Our most protected lands — and the dramatic drives that give access to them — are all too often conga lines of taillights and tourists. These four itineraries revive the majesty.
Olympic and Mount Rainier
Bubbling hot springs, massive glaciers, and moody beaches you'll have all to yourself—just a sampling of the natural wonders worth soaking up in two parks within a few hours of Seattle.
Day 1: This drive actually begins on a boat: the 35-minute-long Bainbridge Island Ferry, which carries you from Seattle city center across Puget Sound. Connect with Route 101 and head west along Olympic National Park's northern edge. The park's gateway, in Port Angeles, Wash., feeds into Hurricane Ridge Road, ascending more than 5,200 feet through cedar, maple, and pine forests before dead-ending at the ridgeline. It's an hour's drive back on 101 to , where 32 TV-free cabins huddle around three spring-fed soaking pools that hold steady at 99, 101, and 104 degrees, (from $147).
Day 2: Another name for Route 101 is the Pacific Coast Scenic Byway Loop; past Forks, it connects with Upper Hoh Road, an 18-mile stretch of road-trip heaven that traces the silvery Hoh River. The 17-mile-long Hoh River Trail gently traverses the flat valley before leading to Mount Olympus's Blue Glacier. Watch for elk and spotted owls hiding out amid 30-story-tall firs. Just 90 minutes away, the Adirondack-style , built in 1926, awaits, (from $130).
Day 3: As Route 101 heads south, it hugs the Pacific shoreline; empty beaches peek through gaps in the coastal forest. The easiest to access is Kalaloch Beach, home to plump sunning sea lions and , with an ocean-view restaurant serving locally caught grilled king salmon ($24). About two hours to the southeast is the entrance to Mount Rainier National Park, where 147 miles of paved roads take in the park's almost 14,500-foot namesake peak. In July, Paradise meadow, the preferred launching pad for hikers, is blanketed in wildflowers. The 121-room , which recently completed a $22.5 million renovation, has an expansive dining room with original decorative woodwork and some of the best vantage points, (from $104).
Day 4: Route 410 cuts through Rainier's eastern border and climbs above the tree line at Chinook Pass—open from May to November. Even then, many visitors don't know to go there, so the views of Rainier's reflection in Tipsoo Lake could be all yours.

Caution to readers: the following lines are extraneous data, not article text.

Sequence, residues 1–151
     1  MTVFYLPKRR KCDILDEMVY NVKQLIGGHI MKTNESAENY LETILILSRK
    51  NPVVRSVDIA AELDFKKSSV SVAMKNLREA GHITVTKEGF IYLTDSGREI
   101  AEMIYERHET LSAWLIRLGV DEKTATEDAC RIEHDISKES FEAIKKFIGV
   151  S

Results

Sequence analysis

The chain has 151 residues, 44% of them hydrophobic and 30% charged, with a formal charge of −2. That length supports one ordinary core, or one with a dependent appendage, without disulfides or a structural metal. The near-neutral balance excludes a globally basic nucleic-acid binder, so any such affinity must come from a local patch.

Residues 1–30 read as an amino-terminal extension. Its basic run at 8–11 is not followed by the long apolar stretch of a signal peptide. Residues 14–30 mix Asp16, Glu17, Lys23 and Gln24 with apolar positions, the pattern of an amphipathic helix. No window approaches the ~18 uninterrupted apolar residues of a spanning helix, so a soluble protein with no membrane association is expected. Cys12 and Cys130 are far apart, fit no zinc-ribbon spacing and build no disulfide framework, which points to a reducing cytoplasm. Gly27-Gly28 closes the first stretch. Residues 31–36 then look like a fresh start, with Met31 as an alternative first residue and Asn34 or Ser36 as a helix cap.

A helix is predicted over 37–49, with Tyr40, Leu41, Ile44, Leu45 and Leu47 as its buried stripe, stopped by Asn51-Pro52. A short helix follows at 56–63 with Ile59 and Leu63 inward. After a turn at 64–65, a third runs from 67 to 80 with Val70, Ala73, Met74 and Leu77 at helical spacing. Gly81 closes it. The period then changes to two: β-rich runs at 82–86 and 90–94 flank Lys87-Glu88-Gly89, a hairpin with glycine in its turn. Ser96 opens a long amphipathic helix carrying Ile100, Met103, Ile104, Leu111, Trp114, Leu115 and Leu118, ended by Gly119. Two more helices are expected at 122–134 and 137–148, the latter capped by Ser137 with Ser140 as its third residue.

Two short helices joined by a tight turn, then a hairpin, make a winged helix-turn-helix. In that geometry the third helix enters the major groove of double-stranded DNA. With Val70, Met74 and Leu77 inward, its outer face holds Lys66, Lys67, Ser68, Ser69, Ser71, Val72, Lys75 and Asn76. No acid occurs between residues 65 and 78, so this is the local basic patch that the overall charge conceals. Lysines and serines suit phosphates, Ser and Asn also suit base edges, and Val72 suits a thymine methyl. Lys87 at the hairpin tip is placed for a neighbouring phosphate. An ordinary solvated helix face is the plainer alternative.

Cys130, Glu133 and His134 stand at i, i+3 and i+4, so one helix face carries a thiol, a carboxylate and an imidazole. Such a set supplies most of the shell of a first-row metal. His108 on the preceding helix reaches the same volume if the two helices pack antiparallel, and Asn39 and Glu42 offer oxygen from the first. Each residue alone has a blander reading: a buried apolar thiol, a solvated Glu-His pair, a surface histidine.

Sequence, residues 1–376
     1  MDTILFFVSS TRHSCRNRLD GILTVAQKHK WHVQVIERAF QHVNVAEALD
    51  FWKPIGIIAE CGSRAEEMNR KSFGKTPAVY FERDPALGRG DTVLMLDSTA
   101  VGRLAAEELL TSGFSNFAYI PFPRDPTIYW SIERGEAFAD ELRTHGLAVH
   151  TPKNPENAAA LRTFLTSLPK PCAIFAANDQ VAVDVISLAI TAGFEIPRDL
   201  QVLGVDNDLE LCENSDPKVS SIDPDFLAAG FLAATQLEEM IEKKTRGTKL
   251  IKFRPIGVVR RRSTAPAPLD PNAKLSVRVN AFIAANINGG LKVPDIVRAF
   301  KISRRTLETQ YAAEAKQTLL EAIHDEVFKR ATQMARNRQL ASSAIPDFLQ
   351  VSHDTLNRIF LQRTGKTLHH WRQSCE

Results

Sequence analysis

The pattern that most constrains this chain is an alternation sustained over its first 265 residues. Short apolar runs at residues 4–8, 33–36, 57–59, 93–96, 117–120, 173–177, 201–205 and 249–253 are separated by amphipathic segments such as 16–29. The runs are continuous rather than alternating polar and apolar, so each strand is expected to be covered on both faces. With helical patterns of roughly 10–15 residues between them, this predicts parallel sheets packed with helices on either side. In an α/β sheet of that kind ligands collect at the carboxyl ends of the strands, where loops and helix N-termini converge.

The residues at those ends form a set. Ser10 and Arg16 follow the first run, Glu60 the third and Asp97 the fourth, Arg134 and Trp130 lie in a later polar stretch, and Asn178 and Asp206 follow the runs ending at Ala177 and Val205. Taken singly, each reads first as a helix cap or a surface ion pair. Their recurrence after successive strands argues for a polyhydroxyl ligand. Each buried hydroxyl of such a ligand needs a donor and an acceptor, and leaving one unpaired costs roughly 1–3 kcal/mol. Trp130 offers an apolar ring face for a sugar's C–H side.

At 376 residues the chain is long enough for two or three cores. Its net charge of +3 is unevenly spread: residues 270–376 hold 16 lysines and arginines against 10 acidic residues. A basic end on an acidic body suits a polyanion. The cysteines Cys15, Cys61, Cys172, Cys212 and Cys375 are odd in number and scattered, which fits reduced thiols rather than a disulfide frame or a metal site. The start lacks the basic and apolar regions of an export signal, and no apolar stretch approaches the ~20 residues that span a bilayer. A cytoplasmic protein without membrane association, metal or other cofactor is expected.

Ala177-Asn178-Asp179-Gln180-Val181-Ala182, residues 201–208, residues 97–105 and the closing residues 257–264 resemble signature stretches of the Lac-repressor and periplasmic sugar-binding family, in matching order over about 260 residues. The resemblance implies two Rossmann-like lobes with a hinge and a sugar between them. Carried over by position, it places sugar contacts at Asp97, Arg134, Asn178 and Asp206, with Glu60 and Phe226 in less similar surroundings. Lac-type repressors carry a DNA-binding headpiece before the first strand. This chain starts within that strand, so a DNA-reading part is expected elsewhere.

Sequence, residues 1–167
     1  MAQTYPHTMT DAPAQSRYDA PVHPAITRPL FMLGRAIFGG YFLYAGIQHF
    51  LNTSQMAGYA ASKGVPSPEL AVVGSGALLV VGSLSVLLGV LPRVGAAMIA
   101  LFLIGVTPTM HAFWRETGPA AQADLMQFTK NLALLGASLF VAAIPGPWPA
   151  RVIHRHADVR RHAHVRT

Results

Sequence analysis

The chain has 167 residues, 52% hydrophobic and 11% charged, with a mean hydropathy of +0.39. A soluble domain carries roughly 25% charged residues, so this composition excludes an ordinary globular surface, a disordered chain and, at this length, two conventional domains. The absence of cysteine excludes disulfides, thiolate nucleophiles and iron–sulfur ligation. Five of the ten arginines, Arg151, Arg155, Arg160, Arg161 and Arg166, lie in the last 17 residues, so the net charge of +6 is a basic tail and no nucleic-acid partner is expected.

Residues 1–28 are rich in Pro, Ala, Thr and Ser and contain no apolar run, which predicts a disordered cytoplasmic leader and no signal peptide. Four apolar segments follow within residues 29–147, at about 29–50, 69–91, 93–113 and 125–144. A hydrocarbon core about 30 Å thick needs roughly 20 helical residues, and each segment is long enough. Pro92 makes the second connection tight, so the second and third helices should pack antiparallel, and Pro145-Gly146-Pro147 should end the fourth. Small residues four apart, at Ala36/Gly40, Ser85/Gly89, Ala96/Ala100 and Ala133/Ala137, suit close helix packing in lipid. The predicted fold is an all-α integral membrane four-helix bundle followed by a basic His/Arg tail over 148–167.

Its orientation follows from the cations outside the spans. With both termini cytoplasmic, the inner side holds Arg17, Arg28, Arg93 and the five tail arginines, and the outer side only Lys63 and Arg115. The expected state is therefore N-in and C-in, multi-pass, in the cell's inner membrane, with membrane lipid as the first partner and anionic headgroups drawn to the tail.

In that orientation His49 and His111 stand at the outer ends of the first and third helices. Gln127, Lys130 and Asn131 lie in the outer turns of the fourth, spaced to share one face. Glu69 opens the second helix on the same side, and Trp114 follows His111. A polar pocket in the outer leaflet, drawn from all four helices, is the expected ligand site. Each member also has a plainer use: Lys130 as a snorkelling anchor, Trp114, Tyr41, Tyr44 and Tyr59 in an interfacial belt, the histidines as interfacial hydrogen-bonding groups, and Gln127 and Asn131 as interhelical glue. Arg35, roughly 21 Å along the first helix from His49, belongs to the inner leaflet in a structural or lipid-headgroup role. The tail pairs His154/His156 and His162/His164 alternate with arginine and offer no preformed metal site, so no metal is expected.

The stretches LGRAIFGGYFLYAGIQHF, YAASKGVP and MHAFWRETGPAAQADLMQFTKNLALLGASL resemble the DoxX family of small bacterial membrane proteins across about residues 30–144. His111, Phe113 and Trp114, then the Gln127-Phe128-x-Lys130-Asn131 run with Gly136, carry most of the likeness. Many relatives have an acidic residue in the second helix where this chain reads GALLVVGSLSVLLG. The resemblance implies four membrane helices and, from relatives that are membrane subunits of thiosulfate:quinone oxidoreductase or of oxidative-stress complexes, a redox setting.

Only two hours north of Seattle lies yet another national park, the rugged North Cascades, where the 12 floating cabins at are accessible only by foot or boat, (from $128).
Utah Canyon Country
From Las Vegas, it's a short drive to these four parks with strikingly diverse landscapes.
Day 1: Interstate 15 quickly leaves Vegas shrinking in the rearview and drops you in Zion National Park three hours later. Tourists line up for bus rides on the six-mile Zion Canyon Scenic Drive (cars aren't allowed on the main road in summer), but independent-minded travelers head to little-known Kolob Terrace Road: The hourlong drive cuts across the park's center to Lava Point, which, at 7,600 feet in elevation, allows a soaring view of the canyons. Spend the evening on the private porch of a cabin at , (from $159).
Day 2: It's a quick drive north to Bryce Canyon, off U.S. 89. Take your time and do a two-hour horseback ride into the canyon ($50); then set aside the afternoon to drive to the outdoor-sports mecca of Moab, Utah, sandwiched between Arches and Canyonlands parks. The pueblo-style has bike storage, an espresso bar, and a hot tub, (from $159).
Day 3: A day's time is enough to loop around all of the paved roads in Arches National Park and take in the most important sights, like Delicate Arch (the one on Utah license plates). But to find the park's true beauty, put boots to the ground and wander the narrow Technicolor maze of Fiery Furnace. There are no proper trails here, so hikers can only enter with a permit or on a ranger-led, three-hour walk (435/719-2299, walk $10).
Day 4: Canyonlands may be the country's least drivable national park; much of it is inaccessible to cars. The broadest perspective by road lies at Island in the Sky mesa, 32 miles from Moab, which peers 1,000 feet down into the red canyons. Reach the plateau's edge via the mile-long Grand View Point Trail.
The usual rafting trip on the Green and Colorado rivers from Moab to Lake Powell takes five days, but you can get the same thrills in just two days on a motorized-raft trip with , (from $645).
Shenandoah and Great Smoky Mountains
Winding between these two parks in Virginia and Tennessee is the Blue Ridge Parkway, a bucolic 496-mile route with over 200 misty, megapixel-worthy overlooks—forcing some difficult decisions.